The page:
17 October 2023
Stephen and Kristina Hall
We are in Kosrae! On October 12, after 17 days and 19 hours we safely arrived in Lelu Harbour after just over 2000nm. It was a rugged trip - in many ways quite unexpected.
Before we left, we knew that the wind was blowing a bit stronger than usual for the trade winds and we would have it either on, or just forward of the beam. But we did not expect 30 knots, gusting 35 at times. As you can imagine, I was thankful for the medication which I took for the first 56 hours. During the first five days Steve did literally everything - I focused on not throwing up and reducing the number of bruises to a minimum as we got thrown about. Slowly though, I became "me" again.
Once we had motored through a calm Bougainville Strait though we were faced with a glassy sea. Apart from a few ripples on the surface there was no movement whatsoever - and the sun stung. But sure enough, this didn't last long (luckily, as the heat and absolutely no breeze were difficult to bear). Soon, half a day later, the breeze picked up - and despite we were supposed to be in the doldrums, the wind blew with 20 knots and we had 2-3m opposing swells from the trades and tropical cyclone Phillipe to the north west. But then again, the doldrums did its name credit and the wind dropped significantly. Steve jumped up every five minutes to tighten or ease the sheets. Often he slept in the cockpit - well, tried to sleep. Can you imagine: often we sailed in the doldrums with three reefs in! And, "of course", most of the times the current was against us.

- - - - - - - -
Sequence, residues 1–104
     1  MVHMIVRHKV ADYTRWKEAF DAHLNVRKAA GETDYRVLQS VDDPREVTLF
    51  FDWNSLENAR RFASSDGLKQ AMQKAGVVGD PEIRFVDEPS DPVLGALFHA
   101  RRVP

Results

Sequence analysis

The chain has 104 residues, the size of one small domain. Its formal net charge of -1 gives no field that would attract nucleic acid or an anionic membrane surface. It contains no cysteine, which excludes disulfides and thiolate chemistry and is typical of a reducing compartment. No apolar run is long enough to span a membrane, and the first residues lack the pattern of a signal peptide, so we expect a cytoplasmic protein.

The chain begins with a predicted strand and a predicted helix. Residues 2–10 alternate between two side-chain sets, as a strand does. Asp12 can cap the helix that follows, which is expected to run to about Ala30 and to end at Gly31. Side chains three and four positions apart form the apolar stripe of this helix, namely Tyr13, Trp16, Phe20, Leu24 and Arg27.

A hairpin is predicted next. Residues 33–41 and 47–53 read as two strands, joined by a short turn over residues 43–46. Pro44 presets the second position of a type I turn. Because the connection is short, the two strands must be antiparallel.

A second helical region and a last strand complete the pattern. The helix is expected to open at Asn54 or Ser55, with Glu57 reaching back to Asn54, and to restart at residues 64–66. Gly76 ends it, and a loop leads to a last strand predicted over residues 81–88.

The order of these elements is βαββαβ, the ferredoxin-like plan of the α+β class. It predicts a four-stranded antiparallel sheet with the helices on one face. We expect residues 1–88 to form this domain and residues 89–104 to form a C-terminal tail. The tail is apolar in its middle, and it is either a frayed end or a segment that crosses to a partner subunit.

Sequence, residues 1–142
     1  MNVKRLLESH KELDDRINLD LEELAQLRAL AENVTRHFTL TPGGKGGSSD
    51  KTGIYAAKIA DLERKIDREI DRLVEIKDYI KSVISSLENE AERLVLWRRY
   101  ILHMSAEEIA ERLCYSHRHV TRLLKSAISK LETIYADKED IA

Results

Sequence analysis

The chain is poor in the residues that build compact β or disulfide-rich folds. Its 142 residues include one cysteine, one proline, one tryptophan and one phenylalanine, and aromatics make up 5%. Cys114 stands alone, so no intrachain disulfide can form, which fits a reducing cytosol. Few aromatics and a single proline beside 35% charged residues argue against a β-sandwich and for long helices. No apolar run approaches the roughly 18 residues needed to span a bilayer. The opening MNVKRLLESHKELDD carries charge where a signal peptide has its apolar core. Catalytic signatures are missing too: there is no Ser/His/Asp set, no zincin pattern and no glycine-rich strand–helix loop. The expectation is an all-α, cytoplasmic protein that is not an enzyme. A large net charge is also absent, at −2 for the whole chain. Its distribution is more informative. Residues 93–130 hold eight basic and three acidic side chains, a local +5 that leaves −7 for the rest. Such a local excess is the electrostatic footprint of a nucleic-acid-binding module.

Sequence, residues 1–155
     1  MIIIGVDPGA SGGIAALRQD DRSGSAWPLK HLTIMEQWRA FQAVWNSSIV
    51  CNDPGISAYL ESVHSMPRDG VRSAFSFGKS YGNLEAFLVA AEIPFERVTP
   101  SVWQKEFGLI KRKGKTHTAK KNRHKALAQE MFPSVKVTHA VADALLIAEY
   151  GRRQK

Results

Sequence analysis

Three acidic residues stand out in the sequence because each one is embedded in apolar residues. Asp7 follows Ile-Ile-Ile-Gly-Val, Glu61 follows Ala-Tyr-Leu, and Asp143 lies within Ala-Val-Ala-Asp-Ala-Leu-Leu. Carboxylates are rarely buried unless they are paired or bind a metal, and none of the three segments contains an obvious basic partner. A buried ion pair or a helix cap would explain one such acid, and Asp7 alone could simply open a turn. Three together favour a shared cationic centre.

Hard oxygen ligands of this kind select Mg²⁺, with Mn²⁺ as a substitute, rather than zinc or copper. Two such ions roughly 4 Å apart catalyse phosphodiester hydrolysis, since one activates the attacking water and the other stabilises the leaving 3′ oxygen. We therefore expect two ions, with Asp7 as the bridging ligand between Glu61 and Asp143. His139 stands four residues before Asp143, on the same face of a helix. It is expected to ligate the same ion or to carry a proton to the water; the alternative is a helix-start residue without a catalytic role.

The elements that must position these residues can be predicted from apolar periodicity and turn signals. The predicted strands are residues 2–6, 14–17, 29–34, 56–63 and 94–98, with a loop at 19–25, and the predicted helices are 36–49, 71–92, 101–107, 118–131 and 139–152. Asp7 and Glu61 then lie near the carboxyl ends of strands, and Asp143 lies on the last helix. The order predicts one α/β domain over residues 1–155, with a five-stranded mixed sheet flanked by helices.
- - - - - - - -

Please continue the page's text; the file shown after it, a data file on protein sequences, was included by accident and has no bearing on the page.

When we crossed the equator, we opened a bottle of sparkling wine. But we were too tired to honor and savour this moment, to be honest.
"Land ahoy" Steve shouted, when we were about 50 nm far away. That was Oct 11, around 2pm. As the pass to the bay of Lelu Harbour is unlit, we knew we had to mooch around the coast until first light the following day. To complicate it though, different charts showed different coordinates for the entrance so it would be eye ball navigation. For the final night the weather gods decided to have some more fun with us. With torrential rain and baffling winds to keep us on our toes, but at least Torea got a good wash, as did we.
The question is, how I liked my first (long) offshore passage. There were times, I wouldn't have known what I would have said, if miraculously, someone would have offered me a lift in an airplane... There were times, when I was deeply touched by this vastness. There were times, when I felt kind of confident in regard of my progress in sailing. There were times when I was shattered, because I didn't understand why Steve was doing this or that. Do I look forward to the next passage? In all honesty: I don't know. So far, most of the weather forecasts have been wrong and the announced hot but calm sail turned out to be a fairly rugged one. But now, here in Kosrae, all the wind predictions seem to be alright: around 5 knots... Maybe the passage to Pohnpei is a smooth one where Steve can teach me a bit of sail work. I remain open and try to live due to John Cage's wise statement: I welcome whatever happens next.